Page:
You may use a 203(k) loan to finance the rehabilitation of the following types of properties. Cooperative units and investment properties are not eligible.
1 A one- to four-unit residence that has been completed for at least one year. Examples include detached homes and townhouses.
2 Condominiums in one- to four-unit buildings (interior improvements only; additional restrictions apply).
3 Mixed-use residential properties that include commercial space.
4 Conversion of a one-unit residence to a two-, three-, or four-family dwelling.
5 Conversion of an existing multi-unit dwelling down to a one- to four-family unit.
6 An existing house or modular unit on another site that can be moved onto the mortgaged property. Release of loan proceeds for the existing structure on the non-mortgaged property is not allowed until the new foundation has been properly inspected and the residence has been properly placed and secured to the new foundation.
7 Homes that have been demolished or will be razed as part of rehabilitation work if some of the existing foundation remains in place.
What is an FHA 203k Loan?
An FHA 203k loan is basically the same as a regular FHA [called a 203(b)], but with a twist. An FHA 203k loan permits home buyers to finance repair/improvement money into their mortgage to repair, improve or upgrade their home. With this loan option, home buyers can quickly and easily tap into cash to pay for property repairs or improvements, such as those identified by a 203k Consultant, 203k Appraiser or home buyer (see list below). There are two types of FHA 203k Loans: Standard (minimum rehab $5,000 up to FHA maximum loan amount) & the Streamline/Limited (minimum rehab $0 – $35,000…cannot exceed FHA maximum loan amount). The FHA 203k Standard loan is more like a construction project, and the FHA Limited 203k Loan is for more minor improvements. CLICK HERE for the FHA maximum mortgage amounts for your area. Example for the Norfolk-Virginia Beach Area in 2017: Single-Family for either a FHA or Fannie/Freddie = $459,000 and for a HECM = $636,000. An over-simplified example: Purchase price is $100,000. Upgrades/Repairs/Improvements will cost $50,000. Borrower’s base loan amount is $150,000 (not to exceed FHA maximum loan amount).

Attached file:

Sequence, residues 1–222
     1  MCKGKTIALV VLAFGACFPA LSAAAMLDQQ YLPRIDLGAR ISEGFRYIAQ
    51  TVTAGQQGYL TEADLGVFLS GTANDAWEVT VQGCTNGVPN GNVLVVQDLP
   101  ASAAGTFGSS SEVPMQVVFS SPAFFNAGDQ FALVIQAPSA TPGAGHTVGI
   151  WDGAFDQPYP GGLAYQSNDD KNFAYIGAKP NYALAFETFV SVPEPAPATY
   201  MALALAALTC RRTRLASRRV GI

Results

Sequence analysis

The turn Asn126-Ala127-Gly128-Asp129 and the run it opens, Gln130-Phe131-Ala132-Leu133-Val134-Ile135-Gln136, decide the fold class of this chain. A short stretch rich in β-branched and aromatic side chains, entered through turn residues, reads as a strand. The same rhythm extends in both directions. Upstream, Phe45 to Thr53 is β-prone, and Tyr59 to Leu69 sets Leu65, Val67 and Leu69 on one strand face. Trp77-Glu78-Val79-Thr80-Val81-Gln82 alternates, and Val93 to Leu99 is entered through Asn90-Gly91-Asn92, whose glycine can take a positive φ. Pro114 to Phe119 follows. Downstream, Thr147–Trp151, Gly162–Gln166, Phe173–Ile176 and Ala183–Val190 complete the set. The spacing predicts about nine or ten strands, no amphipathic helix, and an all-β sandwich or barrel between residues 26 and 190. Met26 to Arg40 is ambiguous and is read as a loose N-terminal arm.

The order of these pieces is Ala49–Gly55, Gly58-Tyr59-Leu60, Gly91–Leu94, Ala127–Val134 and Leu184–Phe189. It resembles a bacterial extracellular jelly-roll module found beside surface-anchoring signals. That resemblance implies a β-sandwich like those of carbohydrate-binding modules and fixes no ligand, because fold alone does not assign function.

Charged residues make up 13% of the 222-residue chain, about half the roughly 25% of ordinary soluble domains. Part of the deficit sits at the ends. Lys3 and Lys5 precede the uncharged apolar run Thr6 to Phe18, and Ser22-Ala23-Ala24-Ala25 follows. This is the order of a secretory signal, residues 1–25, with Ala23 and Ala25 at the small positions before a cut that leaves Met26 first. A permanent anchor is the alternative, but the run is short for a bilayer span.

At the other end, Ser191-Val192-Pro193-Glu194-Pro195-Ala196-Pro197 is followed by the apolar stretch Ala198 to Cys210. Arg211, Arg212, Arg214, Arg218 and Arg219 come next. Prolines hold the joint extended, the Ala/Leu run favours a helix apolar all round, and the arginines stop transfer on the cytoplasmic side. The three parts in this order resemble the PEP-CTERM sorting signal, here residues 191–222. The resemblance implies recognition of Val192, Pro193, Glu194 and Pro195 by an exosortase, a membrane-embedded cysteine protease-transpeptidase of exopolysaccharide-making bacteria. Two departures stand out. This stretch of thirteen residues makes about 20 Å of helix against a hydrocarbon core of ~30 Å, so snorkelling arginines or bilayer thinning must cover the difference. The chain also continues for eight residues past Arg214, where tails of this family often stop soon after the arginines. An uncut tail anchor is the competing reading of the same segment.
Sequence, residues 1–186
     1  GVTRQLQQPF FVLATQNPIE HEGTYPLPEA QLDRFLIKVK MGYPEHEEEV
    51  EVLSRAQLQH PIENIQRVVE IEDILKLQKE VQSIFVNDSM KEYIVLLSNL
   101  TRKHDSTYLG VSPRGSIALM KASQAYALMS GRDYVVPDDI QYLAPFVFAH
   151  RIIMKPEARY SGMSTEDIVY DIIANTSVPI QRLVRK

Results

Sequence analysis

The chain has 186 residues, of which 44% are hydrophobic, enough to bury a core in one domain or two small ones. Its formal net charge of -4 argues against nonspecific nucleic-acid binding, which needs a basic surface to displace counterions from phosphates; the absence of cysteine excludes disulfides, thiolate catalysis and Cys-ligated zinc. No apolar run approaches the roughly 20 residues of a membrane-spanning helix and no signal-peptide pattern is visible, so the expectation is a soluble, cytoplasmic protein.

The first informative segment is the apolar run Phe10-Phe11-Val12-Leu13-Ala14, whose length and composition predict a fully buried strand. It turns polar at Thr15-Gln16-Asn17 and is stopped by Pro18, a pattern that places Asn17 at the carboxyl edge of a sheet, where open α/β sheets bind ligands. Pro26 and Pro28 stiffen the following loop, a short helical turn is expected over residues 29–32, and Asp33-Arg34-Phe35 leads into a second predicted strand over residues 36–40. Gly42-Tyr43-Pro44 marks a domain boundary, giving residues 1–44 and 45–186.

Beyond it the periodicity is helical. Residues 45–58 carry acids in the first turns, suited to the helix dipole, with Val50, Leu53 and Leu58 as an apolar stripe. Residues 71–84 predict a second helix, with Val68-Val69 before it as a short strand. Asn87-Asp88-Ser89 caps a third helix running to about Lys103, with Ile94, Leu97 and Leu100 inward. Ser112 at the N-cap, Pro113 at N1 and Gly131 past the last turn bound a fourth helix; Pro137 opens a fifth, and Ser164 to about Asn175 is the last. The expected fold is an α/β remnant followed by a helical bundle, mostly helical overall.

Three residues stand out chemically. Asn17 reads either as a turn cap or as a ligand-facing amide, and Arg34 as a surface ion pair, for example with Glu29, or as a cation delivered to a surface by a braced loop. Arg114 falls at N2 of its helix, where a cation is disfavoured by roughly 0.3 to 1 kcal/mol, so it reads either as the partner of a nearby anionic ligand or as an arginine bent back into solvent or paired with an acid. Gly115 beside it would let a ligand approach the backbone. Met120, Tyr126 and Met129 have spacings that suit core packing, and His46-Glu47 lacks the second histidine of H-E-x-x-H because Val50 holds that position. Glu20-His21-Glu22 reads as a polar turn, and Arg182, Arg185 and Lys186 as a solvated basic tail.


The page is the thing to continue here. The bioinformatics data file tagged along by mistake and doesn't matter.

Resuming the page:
What are the benefits of using an FHA 203k Loan?
The purchase of a house that needs repair is often a catch-22 situation, because the bank will not lend the money to buy the house until the repairs are complete, and the repairs cannot be done until the house has been purchased. HUD’s FHA 203k loan program can help you with this quagmire and allow you to purchase or refinance a property and include in the loan, the cost of making the repairs and improvements. In addition, the interest on the FHA 203k loan qualifies for the mortgage interest tax deductions like all other mortgage loans. Therefore, the interest that the borrower pays on this “construction” can be all tax deductible! The FHA 203k loan program improves the real estate market because it requires a property to actually be improved….not just purchased. Because of the improvement requirement with the FHA 203k loan program, real estate values are increased, which helps other homeowners in the same neighborhood, invigorates communities and creates work for contractors and commerce is conducted by the purchasing of goods and services. Simply put, the FHA 203k loan program improves everything associated with it.
Who qualifies for an FHA 203k Loan?